After 20 years of litigation between Jägermeister and Zwack Unicum, the Court of Cassation has overturned two precedential decisions of the Court of Rome and the Rome Court of Appeal, arguing that the same trademark can be attacked separately for lack of novelty and non-use, and that devices included in a complex mark may be protected independently. But the saga is not over yet.
Twenty years on
On 14th December 2012 the Court of Cassation rendered an interesting judgment in Jägermeister v Zwack Unicum. The case involved Jägermeister's well-known trademark, used for an herbal liqueur, consisting of the word JÄGERMEISTER and the figure of a deer with a cross between its horns. Zwack Unicum, one of Jägermeister’s main competitors, registered an international trademark, extended to Italy under the Madrid Agreement, featuring the figure of a deer with a cross between its horns and the word HUBERTUS. Jägermeister sued Zwack's predecessor in 1993, claiming that the latter’s trademark lacked novelty and should be cancelled, and that its use should be regarded as infringement.
That case was decided in 2001 by the Court of Rome, which stated that the two trademarks were not confusingly similar since consumers would immediately notice the word HUBERTUS, which was obviously not similar to the well-known JÄGERMEISTER mark. In a trademark consisting of a word and a device, the court argued, if the words are both prominent and different enough, the devices can be quite similar without determining a likelihood of confusion between the two trademarks. Whether the trademarks are in fact confusingly similar, the court maintained, should be assessed with regard to their overall impact, without analysing their single elements separately. In 2002 Jägermeister appealed, but in 2005 the Rome Court of Appeal confirmed the first instance decision. Jägermeister then filed for recourse to the Court of Cassation.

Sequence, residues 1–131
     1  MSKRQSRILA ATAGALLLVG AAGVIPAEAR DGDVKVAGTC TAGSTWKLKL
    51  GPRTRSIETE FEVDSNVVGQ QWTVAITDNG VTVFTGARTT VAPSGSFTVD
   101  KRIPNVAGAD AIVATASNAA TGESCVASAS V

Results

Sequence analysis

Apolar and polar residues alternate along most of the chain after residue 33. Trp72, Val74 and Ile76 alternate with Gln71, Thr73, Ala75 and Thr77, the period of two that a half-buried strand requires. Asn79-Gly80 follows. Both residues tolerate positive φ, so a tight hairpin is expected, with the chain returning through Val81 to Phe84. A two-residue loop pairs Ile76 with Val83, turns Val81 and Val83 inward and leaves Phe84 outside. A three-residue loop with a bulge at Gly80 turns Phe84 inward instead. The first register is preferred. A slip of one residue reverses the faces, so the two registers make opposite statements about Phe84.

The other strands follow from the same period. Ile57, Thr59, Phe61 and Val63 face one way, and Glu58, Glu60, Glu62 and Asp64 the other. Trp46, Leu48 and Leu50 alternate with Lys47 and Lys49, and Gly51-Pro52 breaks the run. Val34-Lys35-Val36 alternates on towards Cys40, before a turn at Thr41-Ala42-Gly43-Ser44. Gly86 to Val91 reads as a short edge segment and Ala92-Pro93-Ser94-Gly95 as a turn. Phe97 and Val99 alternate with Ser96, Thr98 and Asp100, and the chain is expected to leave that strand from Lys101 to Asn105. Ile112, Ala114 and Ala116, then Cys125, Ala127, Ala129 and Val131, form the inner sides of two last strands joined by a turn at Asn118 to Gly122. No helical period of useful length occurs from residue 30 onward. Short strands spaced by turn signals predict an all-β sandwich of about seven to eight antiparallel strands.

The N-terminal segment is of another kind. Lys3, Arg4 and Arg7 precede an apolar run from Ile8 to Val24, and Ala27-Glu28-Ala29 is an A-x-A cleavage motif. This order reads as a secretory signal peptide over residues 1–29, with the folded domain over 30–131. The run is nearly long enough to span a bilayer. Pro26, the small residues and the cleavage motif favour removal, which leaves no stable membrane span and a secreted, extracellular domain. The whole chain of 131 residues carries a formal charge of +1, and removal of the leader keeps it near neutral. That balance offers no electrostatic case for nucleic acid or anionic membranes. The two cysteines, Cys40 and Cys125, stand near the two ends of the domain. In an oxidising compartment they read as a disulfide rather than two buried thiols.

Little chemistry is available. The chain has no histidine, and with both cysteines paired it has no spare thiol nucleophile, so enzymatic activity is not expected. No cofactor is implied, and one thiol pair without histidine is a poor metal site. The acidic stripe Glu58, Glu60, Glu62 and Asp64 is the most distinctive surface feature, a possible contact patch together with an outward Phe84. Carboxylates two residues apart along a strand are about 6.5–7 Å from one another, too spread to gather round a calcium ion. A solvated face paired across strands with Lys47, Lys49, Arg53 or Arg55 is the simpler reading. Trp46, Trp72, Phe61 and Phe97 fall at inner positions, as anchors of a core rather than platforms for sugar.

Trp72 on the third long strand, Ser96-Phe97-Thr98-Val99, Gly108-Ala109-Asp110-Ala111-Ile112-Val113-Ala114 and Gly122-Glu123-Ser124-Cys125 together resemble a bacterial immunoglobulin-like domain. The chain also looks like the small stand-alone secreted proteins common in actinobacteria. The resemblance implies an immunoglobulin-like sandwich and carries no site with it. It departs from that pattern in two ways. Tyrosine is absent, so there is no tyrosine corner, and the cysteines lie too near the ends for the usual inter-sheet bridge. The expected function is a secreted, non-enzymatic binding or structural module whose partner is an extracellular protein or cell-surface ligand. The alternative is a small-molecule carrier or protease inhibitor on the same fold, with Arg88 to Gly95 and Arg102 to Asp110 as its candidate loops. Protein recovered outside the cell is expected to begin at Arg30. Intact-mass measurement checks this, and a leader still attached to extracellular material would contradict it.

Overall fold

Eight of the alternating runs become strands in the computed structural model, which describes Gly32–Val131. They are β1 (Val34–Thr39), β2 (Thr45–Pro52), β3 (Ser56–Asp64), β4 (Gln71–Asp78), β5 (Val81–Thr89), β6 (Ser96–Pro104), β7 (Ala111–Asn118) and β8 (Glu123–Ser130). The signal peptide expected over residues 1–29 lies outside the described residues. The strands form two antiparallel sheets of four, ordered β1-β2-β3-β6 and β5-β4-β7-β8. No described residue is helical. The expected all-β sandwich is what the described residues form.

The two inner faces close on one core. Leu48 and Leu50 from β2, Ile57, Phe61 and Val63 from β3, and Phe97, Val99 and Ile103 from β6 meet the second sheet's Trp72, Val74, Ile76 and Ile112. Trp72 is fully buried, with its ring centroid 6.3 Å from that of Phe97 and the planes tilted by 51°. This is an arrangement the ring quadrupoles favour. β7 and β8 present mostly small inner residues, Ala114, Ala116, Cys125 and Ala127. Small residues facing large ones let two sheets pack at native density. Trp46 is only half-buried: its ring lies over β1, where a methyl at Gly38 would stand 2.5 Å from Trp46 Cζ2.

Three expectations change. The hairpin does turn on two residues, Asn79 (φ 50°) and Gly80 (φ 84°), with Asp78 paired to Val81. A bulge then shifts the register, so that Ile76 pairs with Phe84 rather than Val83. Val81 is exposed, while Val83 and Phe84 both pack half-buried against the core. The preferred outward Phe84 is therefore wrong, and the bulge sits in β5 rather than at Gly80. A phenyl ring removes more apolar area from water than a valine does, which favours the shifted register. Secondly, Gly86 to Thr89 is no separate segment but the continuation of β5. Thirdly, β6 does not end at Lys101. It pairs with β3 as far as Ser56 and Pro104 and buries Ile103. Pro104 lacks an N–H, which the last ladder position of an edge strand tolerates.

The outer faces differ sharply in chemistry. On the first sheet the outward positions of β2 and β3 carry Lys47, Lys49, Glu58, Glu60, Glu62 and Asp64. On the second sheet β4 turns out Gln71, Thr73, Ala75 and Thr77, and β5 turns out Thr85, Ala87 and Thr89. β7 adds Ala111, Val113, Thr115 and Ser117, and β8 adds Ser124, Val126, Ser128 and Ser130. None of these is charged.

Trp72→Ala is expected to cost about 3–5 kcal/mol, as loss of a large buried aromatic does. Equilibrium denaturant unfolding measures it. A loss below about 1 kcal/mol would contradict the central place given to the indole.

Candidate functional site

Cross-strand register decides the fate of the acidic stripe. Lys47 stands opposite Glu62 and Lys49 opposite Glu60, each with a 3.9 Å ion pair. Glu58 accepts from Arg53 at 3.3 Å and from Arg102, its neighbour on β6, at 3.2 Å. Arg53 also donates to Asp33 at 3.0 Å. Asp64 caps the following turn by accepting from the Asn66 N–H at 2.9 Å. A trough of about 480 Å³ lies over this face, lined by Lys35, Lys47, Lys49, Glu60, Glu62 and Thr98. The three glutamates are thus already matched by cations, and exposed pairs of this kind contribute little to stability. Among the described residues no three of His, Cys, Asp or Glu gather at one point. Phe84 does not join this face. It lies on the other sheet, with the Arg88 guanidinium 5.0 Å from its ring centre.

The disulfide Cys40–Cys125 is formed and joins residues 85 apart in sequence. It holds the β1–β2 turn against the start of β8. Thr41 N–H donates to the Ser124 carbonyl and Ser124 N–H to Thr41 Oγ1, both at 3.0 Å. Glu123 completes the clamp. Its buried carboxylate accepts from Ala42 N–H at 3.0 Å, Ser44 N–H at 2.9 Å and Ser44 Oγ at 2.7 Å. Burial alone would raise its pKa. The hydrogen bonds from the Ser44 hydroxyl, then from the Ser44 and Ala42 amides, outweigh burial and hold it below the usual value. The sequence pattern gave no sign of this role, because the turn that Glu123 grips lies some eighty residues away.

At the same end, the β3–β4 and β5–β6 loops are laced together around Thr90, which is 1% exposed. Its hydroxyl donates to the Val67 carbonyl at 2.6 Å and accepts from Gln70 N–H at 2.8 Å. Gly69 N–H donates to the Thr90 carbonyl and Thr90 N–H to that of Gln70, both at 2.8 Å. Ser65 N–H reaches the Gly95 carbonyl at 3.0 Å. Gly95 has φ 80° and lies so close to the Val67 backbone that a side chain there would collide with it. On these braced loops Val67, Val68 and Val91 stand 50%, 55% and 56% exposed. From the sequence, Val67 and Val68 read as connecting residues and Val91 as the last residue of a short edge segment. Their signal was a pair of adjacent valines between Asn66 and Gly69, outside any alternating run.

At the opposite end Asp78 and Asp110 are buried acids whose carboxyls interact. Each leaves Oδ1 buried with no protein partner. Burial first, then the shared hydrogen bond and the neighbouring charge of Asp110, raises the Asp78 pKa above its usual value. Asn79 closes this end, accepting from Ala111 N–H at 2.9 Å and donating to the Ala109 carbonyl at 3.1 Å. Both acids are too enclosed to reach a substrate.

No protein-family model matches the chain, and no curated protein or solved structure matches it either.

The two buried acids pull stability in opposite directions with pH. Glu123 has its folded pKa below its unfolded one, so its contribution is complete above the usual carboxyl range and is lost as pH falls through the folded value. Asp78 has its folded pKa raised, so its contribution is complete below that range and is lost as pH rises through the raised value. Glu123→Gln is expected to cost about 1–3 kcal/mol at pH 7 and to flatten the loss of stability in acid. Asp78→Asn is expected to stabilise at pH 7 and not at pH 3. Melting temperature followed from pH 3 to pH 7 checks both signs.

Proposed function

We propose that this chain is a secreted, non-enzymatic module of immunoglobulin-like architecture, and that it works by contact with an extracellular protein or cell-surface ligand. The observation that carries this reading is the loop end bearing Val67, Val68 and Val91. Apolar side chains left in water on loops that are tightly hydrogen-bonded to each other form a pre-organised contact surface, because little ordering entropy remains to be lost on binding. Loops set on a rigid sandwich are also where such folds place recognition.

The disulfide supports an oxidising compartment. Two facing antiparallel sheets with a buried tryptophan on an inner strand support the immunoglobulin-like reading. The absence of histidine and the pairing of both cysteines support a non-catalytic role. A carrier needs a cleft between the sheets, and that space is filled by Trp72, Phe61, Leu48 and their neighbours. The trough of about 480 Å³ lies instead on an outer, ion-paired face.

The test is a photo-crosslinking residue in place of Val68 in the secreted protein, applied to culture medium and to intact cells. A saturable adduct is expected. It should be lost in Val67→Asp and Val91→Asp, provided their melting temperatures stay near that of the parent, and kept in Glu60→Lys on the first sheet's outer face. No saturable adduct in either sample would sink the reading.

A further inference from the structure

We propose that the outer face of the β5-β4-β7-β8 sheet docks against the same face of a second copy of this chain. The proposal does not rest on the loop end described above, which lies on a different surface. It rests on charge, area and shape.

Separate actions against same trademark for non-use and lack of novelty
In the meantime, Jägermeister had started a separate action against Zwack with respect to the same trademark, claiming that in Italy it had lapsed on account of non-use. Before the Court of Cassation Zwack argued that by doing this, Jägermeister had surrendered its right to proceed with the infringement case, citing a previous decision of the Court of Rome. Zwack argued that only valid trademarks could lapse on account of non-use, and that by filing an action based on non-use, Jägermeister had implicitly recognised the validity of Zwack's trademark. The Court of Cassation disagreed, stating that in order to defend its rights fully a plaintiff should be allowed to file two actions – one for non-use and one for nullity based on lack of novelty – and to keep the two cases separate if it so preferred. This was an important procedural point and will affect how trademarks potentially vulnerable to a non-use challenge, which are at the same time regarded as confusingly similar with a previous trademark, will be attacked in Italy in the future.
Complex trademarks: device parts may be protected separately